Rudyard Kipling





Rudyard Kipling

Author profile


born
in Bombay, India
December 30, 1865

died
January 18, 1936

gender
male

genre


About this author

Awarded the Nobel Prize in Literature in 1907 "in consideration of the power of observation, originality of imagination, virility of ideas and remarkable talent for narration which characterize the creations of this world-famous author."

See http://en.wikipedia.org/wiki/Rudyard_...


Average rating: 3.94 · 203,400 ratings · 6,297 reviews · 1,176 distinct works · Similar authors
The Jungle Books
by
3.98 of 5 stars 3.98 avg rating — 51,867 ratings — published 1895 — 128 editions
Rate this book
Clear rating
The Jungle Book
3.96 of 5 stars 3.96 avg rating — 52,929 ratings — published 1894 — 641 editions
Rate this book
Clear rating
Just So Stories
4.09 of 5 stars 4.09 avg rating — 29,174 ratings — published 1902 — 347 editions
Rate this book
Clear rating
Kim
by
3.71 of 5 stars 3.71 avg rating — 18,697 ratings — published 1901 — 370 editions
Rate this book
Clear rating
Captains Courageous
3.86 of 5 stars 3.86 avg rating — 11,963 ratings — published 1897 — 267 editions
Rate this book
Clear rating
Rikki-Tikki-Tavi
by
3.9 of 5 stars 3.90 avg rating — 12,804 ratings — published 1894 — 56 editions
Rate this book
Clear rating
The Man Who Would Be King
3.76 of 5 stars 3.76 avg rating — 5,768 ratings — published 1888 — 98 editions
Rate this book
Clear rating
Puck of Pook's Hill
by
3.89 of 5 stars 3.89 avg rating — 1,397 ratings — published 1906 — 110 editions
Rate this book
Clear rating
The Second Jungle Book
3.81 of 5 stars 3.81 avg rating — 1,266 ratings — published 1895 — 126 editions
Rate this book
Clear rating
Gunga Din and Other Favorit...
3.94 of 5 stars 3.94 avg rating — 739 ratings — published 1892 — 5 editions
Rate this book
Clear rating
More books by Rudyard Kipling…
“Words are, of course, the most powerful drug used by mankind.”
Rudyard Kipling

“If you can keep your head when all about you
Are losing theirs and blaming it on you,
If you can trust yourself when all men doubt you,
But make allowance for their doubting too;

If you can wait and not be tired by waiting,
Or being lied about, don't deal in lies,
Or being hated, don't give way to hating,
And yet don't look too good, nor talk too wise

If you can dream - and not make dreams your master;
If you can think - and not make thoughts your aim;
If you can meet with Triumph and Disaster
And treat those two impostors just the same;

If you can bear to hear the truth you've spoken
Twisted by knaves to make a trap for fools,
Or watch the things you gave your life to, broken,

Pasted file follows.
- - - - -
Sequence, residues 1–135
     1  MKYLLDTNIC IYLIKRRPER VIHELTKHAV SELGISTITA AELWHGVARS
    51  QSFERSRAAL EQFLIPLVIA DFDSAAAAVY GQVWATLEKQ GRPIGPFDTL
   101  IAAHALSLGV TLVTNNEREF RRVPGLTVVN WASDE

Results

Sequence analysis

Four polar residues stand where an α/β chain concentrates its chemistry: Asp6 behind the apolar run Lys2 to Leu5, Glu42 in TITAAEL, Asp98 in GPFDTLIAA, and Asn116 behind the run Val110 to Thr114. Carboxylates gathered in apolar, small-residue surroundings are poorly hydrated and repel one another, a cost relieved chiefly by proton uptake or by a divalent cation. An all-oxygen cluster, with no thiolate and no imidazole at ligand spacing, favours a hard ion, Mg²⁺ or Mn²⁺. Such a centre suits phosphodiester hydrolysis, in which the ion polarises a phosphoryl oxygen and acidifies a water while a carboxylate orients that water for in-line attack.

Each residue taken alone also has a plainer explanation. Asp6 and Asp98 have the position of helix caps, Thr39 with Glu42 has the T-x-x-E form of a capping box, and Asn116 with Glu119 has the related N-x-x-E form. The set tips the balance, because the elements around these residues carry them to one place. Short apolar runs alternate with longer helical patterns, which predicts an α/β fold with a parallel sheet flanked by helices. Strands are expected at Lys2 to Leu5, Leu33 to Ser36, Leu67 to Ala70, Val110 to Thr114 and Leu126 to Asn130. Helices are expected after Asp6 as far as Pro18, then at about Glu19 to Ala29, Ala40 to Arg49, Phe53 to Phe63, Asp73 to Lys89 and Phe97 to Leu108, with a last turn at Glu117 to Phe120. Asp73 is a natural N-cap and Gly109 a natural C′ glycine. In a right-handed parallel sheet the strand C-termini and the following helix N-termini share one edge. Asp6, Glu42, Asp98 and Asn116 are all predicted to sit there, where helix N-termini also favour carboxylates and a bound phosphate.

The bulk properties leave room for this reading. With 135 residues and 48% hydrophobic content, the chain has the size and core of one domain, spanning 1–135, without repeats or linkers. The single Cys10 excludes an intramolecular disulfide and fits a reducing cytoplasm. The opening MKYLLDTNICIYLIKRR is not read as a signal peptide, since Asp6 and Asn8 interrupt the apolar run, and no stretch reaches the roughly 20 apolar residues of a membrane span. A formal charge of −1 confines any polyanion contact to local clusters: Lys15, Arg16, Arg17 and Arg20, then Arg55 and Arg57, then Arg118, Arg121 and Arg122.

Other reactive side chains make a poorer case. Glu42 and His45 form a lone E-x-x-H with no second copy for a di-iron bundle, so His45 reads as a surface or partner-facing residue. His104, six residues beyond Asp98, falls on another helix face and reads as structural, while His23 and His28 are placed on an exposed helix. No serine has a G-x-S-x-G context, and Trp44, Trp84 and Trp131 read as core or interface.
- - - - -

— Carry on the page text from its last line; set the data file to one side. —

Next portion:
And stoop and build 'em up with worn-out tools

If you can make one heap of all your winnings
And risk it on one turn of pitch-and-toss,
And lose, and start again at your beginnings
And never breathe a word about your loss;

If you can force your heart and nerve and sinew
To serve your turn long after they are gone,
And so hold on when there is nothing in you
Except the will which says to them: 'Hold on!'

If you can talk with crowds and keep your virtue,
Or walk with Kings - nor lose the common touch,
If neither foes nor loving friends can hurt you,
If all men count with you, but none too much;

If you can fill the unforgiving minute
With sixty seconds' worth of distance run,
Yours is the Earth and everything that's in it,
And - which is more - you'll be a Man, my son!”
Rudyard Kipling, If: A Father's Advice to His Son

“He wrapped himself in quotations - as a beggar would enfold himself in the purple of Emperors.”
Rudyard Kipling, Many Inventions

Polls

January 2015 Old School Classics Poll

Which book would you like to read for our January 2015 Old School Classics group read?

1851, Cranford by Elizabeth Gaskell, 257 pages
 
  14 votes, 22.2%

1842, Dead Souls by Nikolai Gogol, 464 pages
 
  11 votes, 17.5%

1899, The Awakening by Kate Chopin, 195 pages
 
  8 votes, 12.7%

1868, Little Women by Louisa May Alcott, 449 pages
 
  4 votes, 6.3%

 
  4 votes, 6.3%

 
  4 votes, 6.3%

 
  4 votes, 6.3%

1894, The Jungle Books by Rudyard Kipling, 368 pages
 
  4 votes, 6.3%

 
  3 votes, 4.8%

1830, The Red and the Black by Stendhal, 607 pages
 
  2 votes, 3.2%

1895, Effi Briest by Theodor Fontane, 272 pages
 
  2 votes, 3.2%

1847, Agnes Grey by Anne Brontë, 251 pages
 
  2 votes, 3.2%

1869, The Innocents Abroad by Mark Twain, 560 pages
 
  1 vote, 1.6%

comments and details
More...